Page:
Wanamaker Mile Legend Coghlan Returns to NYRR Millrose Games
“In terms of the crowd participation (The Armory was sold out to its 5,550 capacity) and the noise I heard, standing in the middle of that arena there as they ran that NYRR Wanamaker Mile, it was exactly the same (as Madison Square Garden.)"
By Elliot Denman for The Armory Track
“The NYRR Millrose Games and the Wanamaker Mile, they’re alive and well.”
Take that from a man who should know – Eamonn Coghlan, the erstwhile “Chairman of the Boards” who won the classic Wanamaker Mile seven times, the first in 1977, the last in 1987. He ran a glory-filled romp through an era in which indoor track still ranked as a major spectator sport and whose exploits nearly personally filled Madison Square Garden time after time.
With no Coghlan on the scene in the years that followed his brilliant career at Villanova University, and then as an international runner – and finally as a Masters runner (he ran 3:58.15 at age 41 in 1994) – indoor track’s status as a spectator sport began a downward spiral and would eventually prove untenable at Madison Square Garden and other big-city arenas.
Although the scene of many epic races, the Garden’s 11-laps-to-the-Mile banked board track was clearly slower than the 200 meter built-for-speed oval by then installed at The Armory in Washington Heights.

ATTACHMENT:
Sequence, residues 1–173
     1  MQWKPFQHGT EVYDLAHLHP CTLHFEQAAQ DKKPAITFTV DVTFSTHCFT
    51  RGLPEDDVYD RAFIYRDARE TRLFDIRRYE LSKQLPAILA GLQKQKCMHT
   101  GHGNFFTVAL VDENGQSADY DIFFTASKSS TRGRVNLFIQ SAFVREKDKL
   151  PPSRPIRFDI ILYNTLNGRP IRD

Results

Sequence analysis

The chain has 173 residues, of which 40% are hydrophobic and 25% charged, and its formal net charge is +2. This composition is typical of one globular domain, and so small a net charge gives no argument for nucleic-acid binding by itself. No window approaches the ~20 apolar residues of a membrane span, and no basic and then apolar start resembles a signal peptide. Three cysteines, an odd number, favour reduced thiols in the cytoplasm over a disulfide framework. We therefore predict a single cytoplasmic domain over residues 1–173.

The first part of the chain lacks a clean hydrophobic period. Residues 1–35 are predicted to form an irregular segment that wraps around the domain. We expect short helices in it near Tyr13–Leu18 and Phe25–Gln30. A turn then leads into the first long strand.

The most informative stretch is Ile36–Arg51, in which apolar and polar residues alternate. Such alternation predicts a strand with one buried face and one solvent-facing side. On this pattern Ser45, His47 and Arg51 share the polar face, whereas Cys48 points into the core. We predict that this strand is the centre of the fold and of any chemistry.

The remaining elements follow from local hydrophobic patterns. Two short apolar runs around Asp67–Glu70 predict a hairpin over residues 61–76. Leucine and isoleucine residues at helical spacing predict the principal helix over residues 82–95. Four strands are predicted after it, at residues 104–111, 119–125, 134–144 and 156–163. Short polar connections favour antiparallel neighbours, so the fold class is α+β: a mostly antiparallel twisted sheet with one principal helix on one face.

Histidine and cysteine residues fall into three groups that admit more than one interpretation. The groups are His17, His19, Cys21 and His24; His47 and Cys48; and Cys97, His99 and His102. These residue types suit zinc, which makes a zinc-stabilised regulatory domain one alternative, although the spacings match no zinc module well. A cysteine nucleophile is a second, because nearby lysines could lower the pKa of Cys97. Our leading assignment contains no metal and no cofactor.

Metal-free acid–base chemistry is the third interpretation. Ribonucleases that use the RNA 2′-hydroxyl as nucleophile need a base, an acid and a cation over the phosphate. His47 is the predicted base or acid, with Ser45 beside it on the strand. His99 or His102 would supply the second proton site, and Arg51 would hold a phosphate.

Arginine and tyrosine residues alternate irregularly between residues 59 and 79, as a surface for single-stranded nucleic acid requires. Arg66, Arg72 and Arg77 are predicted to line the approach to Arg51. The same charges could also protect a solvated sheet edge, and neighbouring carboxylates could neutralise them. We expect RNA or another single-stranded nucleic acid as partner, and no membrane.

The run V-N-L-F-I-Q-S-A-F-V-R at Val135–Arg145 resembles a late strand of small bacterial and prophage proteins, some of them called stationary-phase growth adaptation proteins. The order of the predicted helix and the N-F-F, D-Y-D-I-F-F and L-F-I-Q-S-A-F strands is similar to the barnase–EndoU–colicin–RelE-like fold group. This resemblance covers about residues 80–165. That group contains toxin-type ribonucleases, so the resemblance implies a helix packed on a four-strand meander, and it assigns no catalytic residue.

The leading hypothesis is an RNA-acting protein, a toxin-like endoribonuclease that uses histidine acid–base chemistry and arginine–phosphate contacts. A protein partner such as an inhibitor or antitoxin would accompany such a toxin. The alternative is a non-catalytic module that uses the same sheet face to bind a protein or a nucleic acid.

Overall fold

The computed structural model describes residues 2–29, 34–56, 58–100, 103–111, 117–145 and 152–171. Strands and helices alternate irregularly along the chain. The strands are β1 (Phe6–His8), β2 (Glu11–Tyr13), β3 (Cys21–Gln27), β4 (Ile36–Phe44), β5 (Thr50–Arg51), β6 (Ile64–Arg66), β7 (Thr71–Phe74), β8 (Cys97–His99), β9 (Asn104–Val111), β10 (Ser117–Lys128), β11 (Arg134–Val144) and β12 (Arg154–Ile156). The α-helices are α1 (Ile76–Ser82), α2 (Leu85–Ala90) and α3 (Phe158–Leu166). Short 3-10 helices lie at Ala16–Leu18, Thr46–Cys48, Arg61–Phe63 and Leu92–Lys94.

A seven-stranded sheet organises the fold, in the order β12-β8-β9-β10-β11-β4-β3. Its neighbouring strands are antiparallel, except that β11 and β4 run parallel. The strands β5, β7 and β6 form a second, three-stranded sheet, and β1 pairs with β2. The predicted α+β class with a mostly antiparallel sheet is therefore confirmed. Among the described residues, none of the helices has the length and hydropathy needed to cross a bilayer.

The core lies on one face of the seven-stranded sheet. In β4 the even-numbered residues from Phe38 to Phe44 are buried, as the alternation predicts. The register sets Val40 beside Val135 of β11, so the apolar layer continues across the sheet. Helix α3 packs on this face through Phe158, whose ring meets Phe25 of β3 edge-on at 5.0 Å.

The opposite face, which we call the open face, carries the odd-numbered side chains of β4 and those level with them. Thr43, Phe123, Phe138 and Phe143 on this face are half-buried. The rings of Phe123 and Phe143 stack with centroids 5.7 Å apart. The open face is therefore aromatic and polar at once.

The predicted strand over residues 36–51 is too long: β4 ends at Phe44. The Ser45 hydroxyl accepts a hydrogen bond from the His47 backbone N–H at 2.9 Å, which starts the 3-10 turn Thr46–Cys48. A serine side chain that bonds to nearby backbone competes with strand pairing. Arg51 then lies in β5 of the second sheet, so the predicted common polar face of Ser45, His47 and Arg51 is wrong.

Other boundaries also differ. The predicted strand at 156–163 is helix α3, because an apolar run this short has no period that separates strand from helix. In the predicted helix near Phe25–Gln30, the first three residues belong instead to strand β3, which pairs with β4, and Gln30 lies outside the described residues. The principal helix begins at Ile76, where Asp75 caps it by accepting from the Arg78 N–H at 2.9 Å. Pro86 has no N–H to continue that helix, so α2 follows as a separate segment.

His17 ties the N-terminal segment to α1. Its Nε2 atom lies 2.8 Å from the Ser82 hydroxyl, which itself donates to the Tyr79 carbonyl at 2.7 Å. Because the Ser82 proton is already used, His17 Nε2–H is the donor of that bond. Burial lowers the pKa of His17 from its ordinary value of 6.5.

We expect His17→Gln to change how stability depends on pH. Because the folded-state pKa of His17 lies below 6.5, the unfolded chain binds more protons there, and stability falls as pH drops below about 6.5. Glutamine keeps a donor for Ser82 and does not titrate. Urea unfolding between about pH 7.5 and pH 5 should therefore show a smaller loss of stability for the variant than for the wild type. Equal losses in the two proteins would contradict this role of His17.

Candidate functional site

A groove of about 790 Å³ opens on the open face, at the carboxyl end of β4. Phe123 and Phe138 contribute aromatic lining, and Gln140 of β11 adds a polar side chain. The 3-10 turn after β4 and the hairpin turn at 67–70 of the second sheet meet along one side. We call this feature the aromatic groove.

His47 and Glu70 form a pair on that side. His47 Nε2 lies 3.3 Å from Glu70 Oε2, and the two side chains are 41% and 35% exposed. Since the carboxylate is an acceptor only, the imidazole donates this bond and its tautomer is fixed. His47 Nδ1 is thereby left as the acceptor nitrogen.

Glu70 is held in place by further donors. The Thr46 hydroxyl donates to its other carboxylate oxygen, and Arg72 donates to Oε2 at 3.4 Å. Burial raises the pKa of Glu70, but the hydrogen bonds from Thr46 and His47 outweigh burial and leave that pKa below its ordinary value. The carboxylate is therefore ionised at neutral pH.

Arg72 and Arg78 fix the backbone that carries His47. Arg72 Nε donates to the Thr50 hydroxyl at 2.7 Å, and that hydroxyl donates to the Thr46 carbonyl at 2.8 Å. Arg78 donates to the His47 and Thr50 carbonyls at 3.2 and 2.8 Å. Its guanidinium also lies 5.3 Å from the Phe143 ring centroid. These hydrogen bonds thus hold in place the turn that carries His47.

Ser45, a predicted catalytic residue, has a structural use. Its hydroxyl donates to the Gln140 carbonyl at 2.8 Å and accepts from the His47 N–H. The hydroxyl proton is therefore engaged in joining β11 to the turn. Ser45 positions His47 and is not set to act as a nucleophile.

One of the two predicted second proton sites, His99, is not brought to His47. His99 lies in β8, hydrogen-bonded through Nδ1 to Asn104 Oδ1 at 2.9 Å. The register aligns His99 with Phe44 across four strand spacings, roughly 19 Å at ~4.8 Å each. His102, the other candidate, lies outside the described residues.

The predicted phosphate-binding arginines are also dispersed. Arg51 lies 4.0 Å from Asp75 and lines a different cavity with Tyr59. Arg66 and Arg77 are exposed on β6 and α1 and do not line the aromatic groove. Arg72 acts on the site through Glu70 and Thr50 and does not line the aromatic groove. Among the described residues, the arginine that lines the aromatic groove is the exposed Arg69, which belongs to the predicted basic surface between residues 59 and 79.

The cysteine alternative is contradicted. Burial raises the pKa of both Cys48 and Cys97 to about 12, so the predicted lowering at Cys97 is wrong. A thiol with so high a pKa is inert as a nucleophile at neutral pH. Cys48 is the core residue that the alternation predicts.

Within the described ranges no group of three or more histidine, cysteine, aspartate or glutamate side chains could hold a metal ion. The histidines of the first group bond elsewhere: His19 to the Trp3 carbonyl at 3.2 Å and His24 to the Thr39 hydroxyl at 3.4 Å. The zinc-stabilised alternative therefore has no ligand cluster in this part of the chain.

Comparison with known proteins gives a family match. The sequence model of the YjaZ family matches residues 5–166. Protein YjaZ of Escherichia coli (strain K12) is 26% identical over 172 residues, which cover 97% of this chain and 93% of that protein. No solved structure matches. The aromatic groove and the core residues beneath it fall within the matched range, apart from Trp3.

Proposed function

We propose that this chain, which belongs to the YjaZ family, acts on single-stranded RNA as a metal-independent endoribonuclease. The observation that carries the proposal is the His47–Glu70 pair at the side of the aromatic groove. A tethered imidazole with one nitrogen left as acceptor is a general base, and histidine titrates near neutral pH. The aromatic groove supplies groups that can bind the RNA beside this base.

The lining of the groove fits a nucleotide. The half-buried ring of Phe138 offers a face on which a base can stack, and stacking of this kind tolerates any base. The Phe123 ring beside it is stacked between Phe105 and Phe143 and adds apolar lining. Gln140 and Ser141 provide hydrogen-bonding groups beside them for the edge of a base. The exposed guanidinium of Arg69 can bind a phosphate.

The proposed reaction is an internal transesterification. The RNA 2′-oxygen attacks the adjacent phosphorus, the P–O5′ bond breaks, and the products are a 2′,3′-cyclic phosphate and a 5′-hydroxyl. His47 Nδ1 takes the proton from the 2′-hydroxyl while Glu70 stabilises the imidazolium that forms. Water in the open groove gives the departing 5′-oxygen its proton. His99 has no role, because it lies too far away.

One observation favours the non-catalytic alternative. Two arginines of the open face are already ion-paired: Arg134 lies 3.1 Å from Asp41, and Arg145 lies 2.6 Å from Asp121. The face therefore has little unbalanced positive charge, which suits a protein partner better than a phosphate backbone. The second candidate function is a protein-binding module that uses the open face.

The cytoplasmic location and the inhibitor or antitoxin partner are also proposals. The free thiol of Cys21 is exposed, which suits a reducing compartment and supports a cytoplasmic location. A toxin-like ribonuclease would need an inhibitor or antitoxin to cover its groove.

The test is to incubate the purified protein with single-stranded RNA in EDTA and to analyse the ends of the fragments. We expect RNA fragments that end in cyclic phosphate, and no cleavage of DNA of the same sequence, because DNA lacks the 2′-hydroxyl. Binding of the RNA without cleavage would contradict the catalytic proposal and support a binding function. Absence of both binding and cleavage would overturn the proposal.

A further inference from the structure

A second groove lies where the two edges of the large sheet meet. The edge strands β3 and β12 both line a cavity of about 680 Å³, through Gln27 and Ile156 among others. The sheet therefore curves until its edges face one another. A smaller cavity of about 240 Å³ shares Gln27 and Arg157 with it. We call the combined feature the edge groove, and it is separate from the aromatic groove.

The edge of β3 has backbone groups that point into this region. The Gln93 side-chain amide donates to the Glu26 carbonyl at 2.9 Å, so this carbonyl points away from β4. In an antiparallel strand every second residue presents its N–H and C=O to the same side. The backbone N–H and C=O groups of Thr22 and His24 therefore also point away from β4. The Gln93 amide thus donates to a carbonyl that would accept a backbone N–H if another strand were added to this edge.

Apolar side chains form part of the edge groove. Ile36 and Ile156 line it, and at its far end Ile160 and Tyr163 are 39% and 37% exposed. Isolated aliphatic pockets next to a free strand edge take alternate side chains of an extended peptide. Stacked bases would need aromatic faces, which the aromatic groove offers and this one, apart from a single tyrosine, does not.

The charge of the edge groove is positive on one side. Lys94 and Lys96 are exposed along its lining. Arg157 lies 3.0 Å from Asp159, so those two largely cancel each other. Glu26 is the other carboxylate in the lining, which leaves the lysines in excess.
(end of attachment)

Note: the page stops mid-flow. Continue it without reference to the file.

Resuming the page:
Still, many speculated that the Millrose Games’ inevitable move uptown to The Armory in 2012 represented the death knell of both the Millrose meet and its always-spotlighted Wanamaker Mile.
Fortunately, not Dr. Norbert Sander, the late-great visionary whose incredible efforts restructured The Armory from homeless shelter to brilliant center of world class track & field activity. And, fortunately, not Coghlan, the Flying Irishman and runner most identified with the glory years of the Millrose Games and Wanamaker Mile at Madison Square Garden (with his eighth Wanamaker Mile win in 2010, Bernard Lagat bested Coghlan’s total of seven; Coghlan’s quickest at Millrose was 3:53.0 in 1981, Lagat’s 3:52.87 in 2005).
Yet another tradition, in the years since his last race, is a Coghlan visit from “across the pond" to the storied Millrose meet.
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